“King Krail of Torengar calls you to rid the border marches of Tanalor of fell beasts, unwholesome fae, and the remnants of the ancient dragon empire. Alongside friends and rivals, carve out your legend and your jarldom in the wild lands north of civilization, seeking fortune and glory worthy of skalds retelling.” So begins the Kickstarter pitch for Dragon Heresy, a Norse-inspired roleplaying game built on Dungeons and Dragons SRD5.1! Kickstarter Wonk put it on the Cannibal Halfling radar, now we get to explore it in depth with creator Douglas Cole. Grab a shield, get ready to grapple, and be prepared to fight with all your vigor as we see what this project has in store!
After several futile attempts to put a gaming group together, my boyfriend and I decided to try a 1 on 1 game. I’m going to take a moment here and discuss the way we approached this game. We have friends who are a boisterous collection of identities and preferences. This game is an attempt by us to explore identities that don’t correspond to our own, to step out of the safety of our projections of ourselves. At the same time, we recognize that this experience can never be complete because this is being done in a safe environment and they are identities we can shed when we’re done playing. The point is empathy. Aaron’s character was born male but does not identify that way. This is an epic tale of adventure, magic, and identity.
Welcome back to Adventure Log! Our heroes have scoured the city of Glebhavern, and are turning their attention to underground, where opportunity awaits. However, mysterious crypts and undead foes give characters plenty of chances to really step in it, and the Glebhavern Crypt is no exception. When things go south, do the characters breathe their last, or does the DM step in to keep the party going?
Boer the dwarf awoke under musty blankets. He had remembered leaving with the smugglers, and remembered the storm, but that was it. Now, as his other adventuring companions gently kicked the dwarf-shaped lump he was making in the old bed, he found himself in a large bedroom in a castle somewhere, with no recollection of how he got there. There was a vivid dream, with tall trees, thick bushes, and a woman laughing . . . but then he awoke in a strange place.
So you’re walking, and you’re walking, and you’re walking, and a big scary dragon shows up! Traveling and wilderness exploration in Dungeons and Dragons can be fraught with peril, of course, but they can also be a little more nuanced than that. There are of course rules, in both 5th Edition’s Player’s Handbook and its Dungeon Master’s Guide, for traveling in the spaces between civilizations, but February’s Unearthed Arcana gets a little more specific still. I cracked open both books and compared them to the UA material, so let’s see what it means to head Into the Wild!
Two weeks ago, a group of ragtag wanderers and students of the road met in the basement of the Widow’s Walk Inn in Port O’Rock. Run by a group of fearful elders, Port O’Rock did not open its gates to travelers very often, and warned against leaving the few times that it did. When two smugglers, Alstern and Renard, offered passage out of the city, there were seven who paid their fee.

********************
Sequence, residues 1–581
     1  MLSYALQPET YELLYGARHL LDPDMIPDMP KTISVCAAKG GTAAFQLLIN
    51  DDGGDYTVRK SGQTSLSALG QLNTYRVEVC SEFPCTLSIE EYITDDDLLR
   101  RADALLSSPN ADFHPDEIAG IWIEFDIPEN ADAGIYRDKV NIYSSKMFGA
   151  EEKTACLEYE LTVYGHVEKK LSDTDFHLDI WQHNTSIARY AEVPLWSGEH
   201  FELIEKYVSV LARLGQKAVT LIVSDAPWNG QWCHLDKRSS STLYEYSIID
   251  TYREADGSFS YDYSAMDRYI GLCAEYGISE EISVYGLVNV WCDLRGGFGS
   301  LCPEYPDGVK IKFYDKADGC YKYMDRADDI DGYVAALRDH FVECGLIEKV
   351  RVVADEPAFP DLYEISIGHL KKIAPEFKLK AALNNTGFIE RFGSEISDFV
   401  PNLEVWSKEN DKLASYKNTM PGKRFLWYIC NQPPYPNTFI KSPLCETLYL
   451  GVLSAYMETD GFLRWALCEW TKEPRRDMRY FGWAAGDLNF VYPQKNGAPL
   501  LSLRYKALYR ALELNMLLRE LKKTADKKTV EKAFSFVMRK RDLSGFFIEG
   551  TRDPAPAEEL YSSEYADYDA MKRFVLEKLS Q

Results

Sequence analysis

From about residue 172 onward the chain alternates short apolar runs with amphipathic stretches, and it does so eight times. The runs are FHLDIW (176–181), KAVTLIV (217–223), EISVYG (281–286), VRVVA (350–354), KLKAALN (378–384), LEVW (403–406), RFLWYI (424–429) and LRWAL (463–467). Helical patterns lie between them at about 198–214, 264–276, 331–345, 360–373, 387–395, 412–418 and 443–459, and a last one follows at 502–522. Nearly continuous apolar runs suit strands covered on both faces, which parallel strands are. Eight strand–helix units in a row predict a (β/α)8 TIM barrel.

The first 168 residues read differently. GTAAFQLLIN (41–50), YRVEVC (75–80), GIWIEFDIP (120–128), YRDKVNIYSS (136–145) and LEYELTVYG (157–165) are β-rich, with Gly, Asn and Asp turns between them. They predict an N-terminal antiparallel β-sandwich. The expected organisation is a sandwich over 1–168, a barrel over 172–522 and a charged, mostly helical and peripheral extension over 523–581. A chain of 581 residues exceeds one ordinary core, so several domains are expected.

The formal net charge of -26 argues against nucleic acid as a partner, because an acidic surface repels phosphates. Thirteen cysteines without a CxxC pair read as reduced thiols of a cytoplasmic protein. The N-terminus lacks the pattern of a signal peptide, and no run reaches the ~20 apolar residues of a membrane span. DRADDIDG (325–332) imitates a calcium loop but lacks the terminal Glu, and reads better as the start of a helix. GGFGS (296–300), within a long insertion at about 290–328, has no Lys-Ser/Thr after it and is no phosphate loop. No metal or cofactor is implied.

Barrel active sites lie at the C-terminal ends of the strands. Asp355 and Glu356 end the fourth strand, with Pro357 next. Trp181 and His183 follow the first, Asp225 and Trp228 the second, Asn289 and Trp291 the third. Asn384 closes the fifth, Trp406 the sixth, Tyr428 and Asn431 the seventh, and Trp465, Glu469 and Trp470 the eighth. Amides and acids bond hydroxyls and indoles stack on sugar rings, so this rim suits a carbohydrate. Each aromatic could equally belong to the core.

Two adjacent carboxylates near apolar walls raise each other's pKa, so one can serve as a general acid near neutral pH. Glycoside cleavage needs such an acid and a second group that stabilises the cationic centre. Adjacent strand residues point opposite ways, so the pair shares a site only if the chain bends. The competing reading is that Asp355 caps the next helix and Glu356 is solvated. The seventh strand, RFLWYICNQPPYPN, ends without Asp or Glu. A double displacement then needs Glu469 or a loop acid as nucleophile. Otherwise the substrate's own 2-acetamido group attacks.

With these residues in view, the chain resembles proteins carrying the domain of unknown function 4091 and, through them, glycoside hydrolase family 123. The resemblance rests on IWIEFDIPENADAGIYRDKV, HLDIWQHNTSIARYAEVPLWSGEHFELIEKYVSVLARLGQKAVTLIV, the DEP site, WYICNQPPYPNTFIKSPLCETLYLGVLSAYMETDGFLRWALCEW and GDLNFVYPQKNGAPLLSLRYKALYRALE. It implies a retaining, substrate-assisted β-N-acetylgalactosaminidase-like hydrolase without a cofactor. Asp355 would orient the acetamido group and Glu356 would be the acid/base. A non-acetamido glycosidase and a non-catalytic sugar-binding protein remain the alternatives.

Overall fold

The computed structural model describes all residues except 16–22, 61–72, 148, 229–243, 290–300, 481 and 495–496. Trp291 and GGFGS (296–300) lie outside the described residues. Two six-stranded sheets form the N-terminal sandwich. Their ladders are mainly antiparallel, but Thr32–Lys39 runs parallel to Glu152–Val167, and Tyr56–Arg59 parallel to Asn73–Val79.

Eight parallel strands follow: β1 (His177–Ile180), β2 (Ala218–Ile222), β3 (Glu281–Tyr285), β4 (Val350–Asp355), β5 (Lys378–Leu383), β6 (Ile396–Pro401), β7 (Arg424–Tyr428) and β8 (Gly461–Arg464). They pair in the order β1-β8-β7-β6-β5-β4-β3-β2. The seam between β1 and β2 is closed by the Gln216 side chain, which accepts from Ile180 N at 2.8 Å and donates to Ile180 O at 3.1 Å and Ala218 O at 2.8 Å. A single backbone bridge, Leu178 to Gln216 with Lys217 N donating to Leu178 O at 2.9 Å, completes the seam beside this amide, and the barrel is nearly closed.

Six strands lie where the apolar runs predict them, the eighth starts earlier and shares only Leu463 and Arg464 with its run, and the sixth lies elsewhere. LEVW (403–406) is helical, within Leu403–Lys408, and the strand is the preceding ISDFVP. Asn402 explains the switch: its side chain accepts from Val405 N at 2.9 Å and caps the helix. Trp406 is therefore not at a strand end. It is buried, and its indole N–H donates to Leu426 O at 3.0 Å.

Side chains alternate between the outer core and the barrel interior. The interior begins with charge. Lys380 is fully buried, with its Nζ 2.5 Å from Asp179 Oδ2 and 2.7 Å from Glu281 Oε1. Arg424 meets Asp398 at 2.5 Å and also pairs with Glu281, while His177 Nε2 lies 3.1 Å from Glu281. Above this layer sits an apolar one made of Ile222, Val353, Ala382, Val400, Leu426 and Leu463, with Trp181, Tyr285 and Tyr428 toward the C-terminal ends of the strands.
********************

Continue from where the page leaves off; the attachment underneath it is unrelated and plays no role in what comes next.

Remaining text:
A circle of druids who champion decay as part of the natural order, with fungal spores and a sometimes strange relationship with the undead. An archetype of fighter who apply overwhelming strength and persistent durability to simply overcome their foes. A tradition of wizards that champion innovation and experimentation in magic who are regarded as (and just might be) utter lunatics. We’ve got our first Unearthed Arcana of 2018 folks, and so we have Three Subclasses to check out!
After much hype and hullabaloo, Wizards of the Coast has released Xanathar’s Guide to Everything, the first rules supplement for the Fifth Edition of Dungeons and Dragons. While there is nothing revolutionary within this volume, it offers some great new options for both mechanical and story aspects of D&D. I’d say it’s nice to have for players but more recommended for GMs due to the expanded proficiency and downtime rules, trap creation and encounter expansions, and the solidly integrated rivals system.
Elves that can take to the sky on wings they are born with. Elves that view even other elves with suspicion, sticking to the deep forests of Greyhawk. Elves that took to the oceans instead of the forest, following currents instead of wooded paths. Elves that swore service to the Raven Queen, now wreathed in the darkness of the Shadowfell. There has always been more than just one variety of elf in Dungeons and Dragons, and with the latest Unearthed Arcana a lot more of them are coming out of the woodwork (or the sky, or the sea, or a plane of shadow) to take their shot at being options for player characters in 5th Edition!
Before Halloween, Wizards of the Coast took the hype level for their new D&D supplement, Xanathar’s Guide to Everything, and turned it up to 11 by releasing the table of contents. Now it’s known what’s in the book and what we can expect to use in upcoming games once the book is released on November 21st. Also important though is what didn’t make the cut. New classes like the Mystic and the Artificer were left behind, and so was a set of mass combat rules. Even if the mass combat rules have not been built into a sanctioned product yet, the version released in Unearthed Arcana has some neat uses and is definitely worth considering for use in your game.